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Is alcohol value for money? When did you last use cannabis? Drugs survey to explore 'brave new world'

The Global Drugs Survey 2019 is seeking participants in Ireland to share their experiences.

Image: Shutterstock/Nikodash

Updated Dec 21st 2018, 6:15 PM

“JUST HOW MUCH do you trust the person you get drugs from?”

That is one of many questions posed in the latest edition of the Global Drugs Survey, a huge, independent research project aimed at gathering real-time data on how people around the world are using drugs.

Now in its 8th year, the survey has already had over 550,000 people taking part over the years. 

The first such survey was carried out in clubbers’ magazine MixMag 15 years ago to help build a picture of how recreational drugs were being used on the scene – and what problems (if any) clubbers were having with them.

Alongside Hot Press in Ireland, TheJournal.ie are a media partner to the survey, giving you a chance to participate.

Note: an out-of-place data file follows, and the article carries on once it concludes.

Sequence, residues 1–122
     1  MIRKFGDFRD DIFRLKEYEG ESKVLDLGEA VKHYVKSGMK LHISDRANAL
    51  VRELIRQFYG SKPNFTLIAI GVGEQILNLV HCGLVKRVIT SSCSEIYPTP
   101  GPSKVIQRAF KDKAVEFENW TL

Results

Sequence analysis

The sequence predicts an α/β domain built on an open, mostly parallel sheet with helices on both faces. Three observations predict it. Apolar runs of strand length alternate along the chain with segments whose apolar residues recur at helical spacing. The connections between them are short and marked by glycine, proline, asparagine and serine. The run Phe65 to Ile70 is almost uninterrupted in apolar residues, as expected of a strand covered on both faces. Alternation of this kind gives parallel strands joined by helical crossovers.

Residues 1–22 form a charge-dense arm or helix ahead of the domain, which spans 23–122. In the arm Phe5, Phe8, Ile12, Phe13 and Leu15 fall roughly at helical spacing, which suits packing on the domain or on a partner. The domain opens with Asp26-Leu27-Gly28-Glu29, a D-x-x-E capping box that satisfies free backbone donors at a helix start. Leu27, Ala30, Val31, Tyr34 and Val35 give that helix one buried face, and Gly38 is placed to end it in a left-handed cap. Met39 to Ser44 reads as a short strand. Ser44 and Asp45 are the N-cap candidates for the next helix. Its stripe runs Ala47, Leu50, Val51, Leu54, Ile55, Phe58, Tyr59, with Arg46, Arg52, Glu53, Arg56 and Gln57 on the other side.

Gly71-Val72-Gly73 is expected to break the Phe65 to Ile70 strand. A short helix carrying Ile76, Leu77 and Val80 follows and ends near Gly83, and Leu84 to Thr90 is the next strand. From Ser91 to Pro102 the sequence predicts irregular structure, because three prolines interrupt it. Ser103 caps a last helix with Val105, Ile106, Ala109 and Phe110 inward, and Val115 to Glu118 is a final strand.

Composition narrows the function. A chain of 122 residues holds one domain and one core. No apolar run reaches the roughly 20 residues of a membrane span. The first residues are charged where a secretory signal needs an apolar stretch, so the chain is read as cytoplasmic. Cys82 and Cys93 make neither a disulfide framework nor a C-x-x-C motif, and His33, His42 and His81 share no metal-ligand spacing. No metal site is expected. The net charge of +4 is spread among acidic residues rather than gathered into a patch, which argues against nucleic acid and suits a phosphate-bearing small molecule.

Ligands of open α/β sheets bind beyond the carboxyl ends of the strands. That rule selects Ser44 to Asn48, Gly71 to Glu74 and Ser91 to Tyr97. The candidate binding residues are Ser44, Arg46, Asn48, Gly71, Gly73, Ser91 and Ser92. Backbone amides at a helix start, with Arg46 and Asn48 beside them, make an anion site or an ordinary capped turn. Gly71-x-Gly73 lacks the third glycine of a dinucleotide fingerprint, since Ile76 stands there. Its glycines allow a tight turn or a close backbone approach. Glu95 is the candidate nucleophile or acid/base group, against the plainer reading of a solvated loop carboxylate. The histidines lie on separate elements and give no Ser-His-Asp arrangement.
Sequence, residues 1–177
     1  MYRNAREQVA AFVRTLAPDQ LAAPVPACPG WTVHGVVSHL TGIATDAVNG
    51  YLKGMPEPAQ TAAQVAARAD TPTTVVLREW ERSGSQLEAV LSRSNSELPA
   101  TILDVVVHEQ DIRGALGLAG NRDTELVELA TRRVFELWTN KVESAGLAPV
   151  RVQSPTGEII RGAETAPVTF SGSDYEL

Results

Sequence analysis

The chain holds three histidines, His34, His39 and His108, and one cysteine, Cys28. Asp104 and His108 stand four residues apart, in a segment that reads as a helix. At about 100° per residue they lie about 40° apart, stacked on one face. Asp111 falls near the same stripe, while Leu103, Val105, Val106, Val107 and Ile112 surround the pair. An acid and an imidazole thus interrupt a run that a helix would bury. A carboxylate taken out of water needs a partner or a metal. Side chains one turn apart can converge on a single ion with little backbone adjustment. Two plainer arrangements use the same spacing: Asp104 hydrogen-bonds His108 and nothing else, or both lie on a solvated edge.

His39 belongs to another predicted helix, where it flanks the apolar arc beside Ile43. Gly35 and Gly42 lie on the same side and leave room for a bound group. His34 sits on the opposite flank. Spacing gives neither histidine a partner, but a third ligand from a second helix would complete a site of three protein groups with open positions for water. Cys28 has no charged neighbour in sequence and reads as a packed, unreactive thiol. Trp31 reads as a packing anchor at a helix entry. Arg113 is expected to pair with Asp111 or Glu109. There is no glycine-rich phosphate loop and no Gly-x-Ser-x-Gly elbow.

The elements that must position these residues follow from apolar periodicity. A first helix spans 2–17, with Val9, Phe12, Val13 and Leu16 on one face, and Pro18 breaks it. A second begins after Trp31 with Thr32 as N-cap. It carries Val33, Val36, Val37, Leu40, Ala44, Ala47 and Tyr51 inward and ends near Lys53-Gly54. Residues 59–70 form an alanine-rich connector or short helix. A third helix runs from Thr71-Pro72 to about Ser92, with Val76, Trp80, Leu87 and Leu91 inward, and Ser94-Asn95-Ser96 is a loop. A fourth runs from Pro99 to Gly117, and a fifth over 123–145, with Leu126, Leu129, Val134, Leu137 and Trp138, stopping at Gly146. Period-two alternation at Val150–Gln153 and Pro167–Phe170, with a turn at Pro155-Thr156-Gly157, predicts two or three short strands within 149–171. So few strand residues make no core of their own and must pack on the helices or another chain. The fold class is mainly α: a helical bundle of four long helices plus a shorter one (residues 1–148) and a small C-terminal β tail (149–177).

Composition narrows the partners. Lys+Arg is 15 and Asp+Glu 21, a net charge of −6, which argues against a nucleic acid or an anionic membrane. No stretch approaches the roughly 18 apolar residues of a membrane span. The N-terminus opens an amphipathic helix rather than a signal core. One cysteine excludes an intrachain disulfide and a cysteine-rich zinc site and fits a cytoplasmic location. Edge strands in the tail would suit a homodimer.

The survey is encrypted, all responses are anonymous and confidential and it doesn’t collect IP addresses.

You can do so by clicking here to get started.

The findings of the survey have formed the basis of research that has ended up in 50 peer-reviewed publications in the past six years. 

Adam Winstock, consultant psychiatrist and addiction medicine specialist, founded the Global Drug Survey. 

He and his research team said that they use the feedback given by participants and help to translate it into “engaging, credible and useful information and drug use behaviour and free farm reduction resources”.

“This year we are exploring this brave new world,” they said.

This includes looking at how people rate different drugs, including alcohol, in terms of value for money.

The survey also looks at the impact of cannabis health warnings on people’s attitudes towards use, sexual assault in consent in the context of drug and alcohol use, and whether people would pay more for fair trade cocaine. 

“Addressing issues such as overdose prevention, blood borne virus, irrational drug policies, inequitable application and human rights violations are central to shifting the way we can reduce harm from drug use on a global scale,” the research team said.

The Global Drugs Survey complements work done by research and advocacy groups who work for change in these important areas by focusing on the drug use patterns and potential harms of the hidden masses of non-dependent drug users.

The results of the survey will be published on TheJournal.ie early next year.

About the author:

Sean Murray

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